Clemson’s Tajh Boyd always found the time to be a leader
Senior Tajh Boyd never his stardom interfere with making sure all of his teammates, whether a starter or a scout team member, felt appreciated.
12/31/2013 12:01 AM
12/31/2013 12:19 AM
If you’ll pardon the one-more-time use of the overused “elite,” there’s little doubt Clemson senior quarterback Tajh Boyd ranks as an elite college-affiliated football quarterback. In fact, Boyd’s numbers look startlingly similar to the numbers of one Peyton Manning at Tennessee.
Boyd leads slightly in career completion percentage, 64.0 to 62.7; Manning leads slightly in passing yards per game, 252.4 to 250.6, and in touchdown-to-interception ratio, 2.82:1 to 2.76:1.
He’s responsible for an Atlantic Coast Conference-record 127 touchdowns. If you’re into attaching a team’s record to a quarterback, as is the custom these days, Boyd is 31-8 as a Clemson starter going into Friday’s Discover Orange Bowl against Ohio State.
But there’s no doubt that though (sorry) “elite,” Boyd’s not an elitist. Clemson’s unquestioned leader is a man of the people.
“Tajh Boyd is a great guy. You can ask everyone on this field the same question, and you’ll probably get the same answer,” Clemson junior wide receiver Adam Humphries said. “Say we’re standing around the lobby, he’ll never be in one place. He’s always moving around and just making sure everybody on the team knows he appreciates what they do, even scout team or starters. He’s a guy I’ve looked up [to]. I always have.”
Freshman safety Jayron Kearse, who is from South Fort Myers High, said: “He encourages everybody. Not just the offense. He encourages everybody — defensive backs, defensive ends, tackles, linebackers. He’s an all-around leader. It’s not just when people are looking, not just in the locker room. He’s helping us when coaches are not looking, he’s still being a leader.”
Boyd is no helicopter leader. Kearse said when it comes to student-athlete life, Boyd lets his underclassmen Clemson teammates make the same mistakes he did so they can learn from them as he did.
“To watch Tajh and how he interacts with our fan base, with our community, with our university — I mean, Tajh truly is the face of our university,” Clemson offensive coordinator Chad Morris said. “And to watch the accolades that he’s gotten and the records that he’s broken on the football field, he’s done that much more off the field.
“I think, whether he takes another snap or not, for what he’s done for this program and for this university has been instrumental, and he’s definitely set the standard. Whoever the next quarterback’s going to be at Clemson University, he’s got big shoes to fill.”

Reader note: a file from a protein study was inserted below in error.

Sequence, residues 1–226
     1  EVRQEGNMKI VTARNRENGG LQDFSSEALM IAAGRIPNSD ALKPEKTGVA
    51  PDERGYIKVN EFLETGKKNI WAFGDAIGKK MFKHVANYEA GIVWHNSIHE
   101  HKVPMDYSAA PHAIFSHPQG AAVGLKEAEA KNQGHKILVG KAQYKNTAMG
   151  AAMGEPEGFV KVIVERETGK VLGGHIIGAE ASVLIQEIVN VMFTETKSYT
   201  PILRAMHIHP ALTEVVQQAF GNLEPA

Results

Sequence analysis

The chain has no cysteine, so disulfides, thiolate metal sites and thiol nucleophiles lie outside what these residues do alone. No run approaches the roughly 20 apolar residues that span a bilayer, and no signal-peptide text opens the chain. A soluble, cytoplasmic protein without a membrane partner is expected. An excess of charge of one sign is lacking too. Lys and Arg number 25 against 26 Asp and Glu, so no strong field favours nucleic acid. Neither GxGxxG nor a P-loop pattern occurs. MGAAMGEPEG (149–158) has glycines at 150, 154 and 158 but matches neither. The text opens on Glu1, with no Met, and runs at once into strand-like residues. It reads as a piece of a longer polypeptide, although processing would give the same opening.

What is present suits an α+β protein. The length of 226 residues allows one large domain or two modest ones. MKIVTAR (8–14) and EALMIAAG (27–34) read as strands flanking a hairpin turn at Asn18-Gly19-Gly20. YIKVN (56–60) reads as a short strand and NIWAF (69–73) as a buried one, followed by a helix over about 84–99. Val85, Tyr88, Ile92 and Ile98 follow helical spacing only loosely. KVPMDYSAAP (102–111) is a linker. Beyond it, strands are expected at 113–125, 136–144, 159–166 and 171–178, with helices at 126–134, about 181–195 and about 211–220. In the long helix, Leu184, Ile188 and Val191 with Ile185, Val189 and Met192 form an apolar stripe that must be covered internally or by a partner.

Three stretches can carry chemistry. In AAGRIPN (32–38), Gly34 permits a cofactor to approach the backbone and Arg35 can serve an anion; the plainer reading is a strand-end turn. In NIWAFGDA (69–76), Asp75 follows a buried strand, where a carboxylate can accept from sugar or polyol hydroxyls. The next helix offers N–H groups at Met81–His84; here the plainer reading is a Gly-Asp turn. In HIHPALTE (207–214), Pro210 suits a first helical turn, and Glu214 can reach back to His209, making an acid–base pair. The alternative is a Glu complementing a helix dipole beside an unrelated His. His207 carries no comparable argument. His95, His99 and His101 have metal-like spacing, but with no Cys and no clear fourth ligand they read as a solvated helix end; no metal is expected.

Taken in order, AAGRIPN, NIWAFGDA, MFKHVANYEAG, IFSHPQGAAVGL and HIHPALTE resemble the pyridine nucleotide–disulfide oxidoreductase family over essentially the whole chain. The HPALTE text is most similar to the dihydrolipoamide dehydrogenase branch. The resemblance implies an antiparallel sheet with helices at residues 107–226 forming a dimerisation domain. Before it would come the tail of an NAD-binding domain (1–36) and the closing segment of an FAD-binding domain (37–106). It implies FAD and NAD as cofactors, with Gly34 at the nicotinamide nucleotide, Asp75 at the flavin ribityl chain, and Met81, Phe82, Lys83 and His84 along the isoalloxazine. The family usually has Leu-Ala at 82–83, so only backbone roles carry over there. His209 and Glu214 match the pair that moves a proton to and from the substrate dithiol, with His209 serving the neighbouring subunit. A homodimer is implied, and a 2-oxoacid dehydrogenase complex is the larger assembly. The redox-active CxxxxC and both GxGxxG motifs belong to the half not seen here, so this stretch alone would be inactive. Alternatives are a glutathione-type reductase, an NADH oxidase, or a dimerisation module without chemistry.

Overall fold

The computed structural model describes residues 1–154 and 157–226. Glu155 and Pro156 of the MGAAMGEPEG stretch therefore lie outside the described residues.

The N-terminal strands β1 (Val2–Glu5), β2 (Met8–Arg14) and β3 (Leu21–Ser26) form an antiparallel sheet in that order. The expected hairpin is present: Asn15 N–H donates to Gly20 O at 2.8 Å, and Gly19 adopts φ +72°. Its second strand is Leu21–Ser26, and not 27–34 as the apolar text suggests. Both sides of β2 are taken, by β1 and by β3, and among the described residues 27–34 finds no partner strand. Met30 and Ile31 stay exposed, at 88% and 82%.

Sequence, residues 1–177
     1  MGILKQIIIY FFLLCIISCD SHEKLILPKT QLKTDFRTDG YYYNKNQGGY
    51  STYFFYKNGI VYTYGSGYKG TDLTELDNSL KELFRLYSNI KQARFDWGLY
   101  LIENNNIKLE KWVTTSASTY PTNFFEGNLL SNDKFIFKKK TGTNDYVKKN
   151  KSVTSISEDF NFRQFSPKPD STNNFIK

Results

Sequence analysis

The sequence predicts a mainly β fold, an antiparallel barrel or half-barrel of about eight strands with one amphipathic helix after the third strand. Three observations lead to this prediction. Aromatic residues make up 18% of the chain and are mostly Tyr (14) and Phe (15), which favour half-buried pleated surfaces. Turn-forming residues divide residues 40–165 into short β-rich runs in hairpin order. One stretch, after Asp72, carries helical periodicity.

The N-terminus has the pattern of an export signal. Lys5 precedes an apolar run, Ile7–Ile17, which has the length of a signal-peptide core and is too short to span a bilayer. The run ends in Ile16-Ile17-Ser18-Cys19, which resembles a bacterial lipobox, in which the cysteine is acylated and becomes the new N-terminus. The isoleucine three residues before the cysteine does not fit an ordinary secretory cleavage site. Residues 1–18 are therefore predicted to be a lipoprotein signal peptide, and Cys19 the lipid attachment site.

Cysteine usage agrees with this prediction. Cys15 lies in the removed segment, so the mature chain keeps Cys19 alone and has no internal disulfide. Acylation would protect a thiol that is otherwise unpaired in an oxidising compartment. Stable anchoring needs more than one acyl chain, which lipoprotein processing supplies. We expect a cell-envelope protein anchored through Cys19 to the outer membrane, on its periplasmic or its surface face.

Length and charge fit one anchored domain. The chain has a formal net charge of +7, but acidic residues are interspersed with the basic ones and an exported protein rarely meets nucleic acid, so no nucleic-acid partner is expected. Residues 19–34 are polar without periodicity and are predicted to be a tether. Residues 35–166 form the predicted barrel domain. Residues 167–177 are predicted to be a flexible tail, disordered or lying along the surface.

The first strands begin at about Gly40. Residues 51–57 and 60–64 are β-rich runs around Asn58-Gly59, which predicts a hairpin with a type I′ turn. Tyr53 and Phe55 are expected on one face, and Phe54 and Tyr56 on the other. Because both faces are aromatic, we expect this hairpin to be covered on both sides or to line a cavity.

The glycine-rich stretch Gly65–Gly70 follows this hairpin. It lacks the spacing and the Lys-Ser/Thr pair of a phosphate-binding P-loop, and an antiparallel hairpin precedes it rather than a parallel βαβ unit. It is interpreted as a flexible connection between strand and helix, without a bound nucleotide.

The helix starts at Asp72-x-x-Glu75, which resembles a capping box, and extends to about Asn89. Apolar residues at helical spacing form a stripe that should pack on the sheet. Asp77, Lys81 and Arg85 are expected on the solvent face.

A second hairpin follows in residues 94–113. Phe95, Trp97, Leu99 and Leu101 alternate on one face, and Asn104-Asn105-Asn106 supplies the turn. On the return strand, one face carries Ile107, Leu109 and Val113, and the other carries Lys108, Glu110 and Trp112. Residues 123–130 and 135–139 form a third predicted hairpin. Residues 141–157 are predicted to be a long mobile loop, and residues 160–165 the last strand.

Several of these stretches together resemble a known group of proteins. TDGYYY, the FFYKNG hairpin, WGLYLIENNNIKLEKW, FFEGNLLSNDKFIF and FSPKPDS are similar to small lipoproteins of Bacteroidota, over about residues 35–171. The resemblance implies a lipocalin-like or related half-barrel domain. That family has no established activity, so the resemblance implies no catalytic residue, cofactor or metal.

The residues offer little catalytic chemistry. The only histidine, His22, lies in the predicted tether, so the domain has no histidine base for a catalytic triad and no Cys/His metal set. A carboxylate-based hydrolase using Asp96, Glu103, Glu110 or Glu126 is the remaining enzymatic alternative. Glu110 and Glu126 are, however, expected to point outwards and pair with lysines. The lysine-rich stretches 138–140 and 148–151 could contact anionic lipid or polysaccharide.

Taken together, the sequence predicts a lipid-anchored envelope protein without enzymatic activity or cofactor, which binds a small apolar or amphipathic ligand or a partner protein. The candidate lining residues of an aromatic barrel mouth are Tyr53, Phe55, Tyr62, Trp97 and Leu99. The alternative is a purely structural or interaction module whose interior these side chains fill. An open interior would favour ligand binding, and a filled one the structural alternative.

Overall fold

And if Boyd shreds Ohio State on Friday night, know that the hardcore Buckeyes fans in the Sun Life Stadium seats will grumble amongst themselves something like, “He should’ve been doing that for us.”
Coming out of Hampton (Va.) Phoebus High School, Ohio State was one of many with the five-star recruit Boyd on their Get List. Boyd won the MVP award at the 2009 U.S. Army All-American Bowl and threw a touchdown pass to future Ohio State wide receiver Corey Brown in the game.
“If I would have committed at the Army All-American game during my recruiting process, I would have been a Buckeye right now,” Boyd said. “But getting the chance to go down there and meet [now fifth-year senior running back] Roderick McDowell and meet [2009 defensive end recruit] Malliciah Goodman, those guys like that, really kind of helped change the course of it. Definitely feel like this is the best spot for me. I couldn’t have picked a better school.
“It is kind of surreal to end your final game as a Clemson Tiger against Ohio State. It’s going to be a fun matchup, and I can’t wait.”
Oops, you haven't selected any newsletters. Please check the box next to one or more of our email newsletters and submit again.
Oops, you didn't provide a valid email address. Please double-check the email field and submit again.
Join the Discussion
Miami Herald is pleased to provide this opportunity to share information, experiences and observations about what's in the news. Some of the comments may be reprinted elsewhere on the site or in the newspaper. We encourage lively, open debate on the issues of the day, and ask that you refrain from profanity, hate speech, personal comments and remarks that are off point. Thank you for taking the time to offer your thoughts.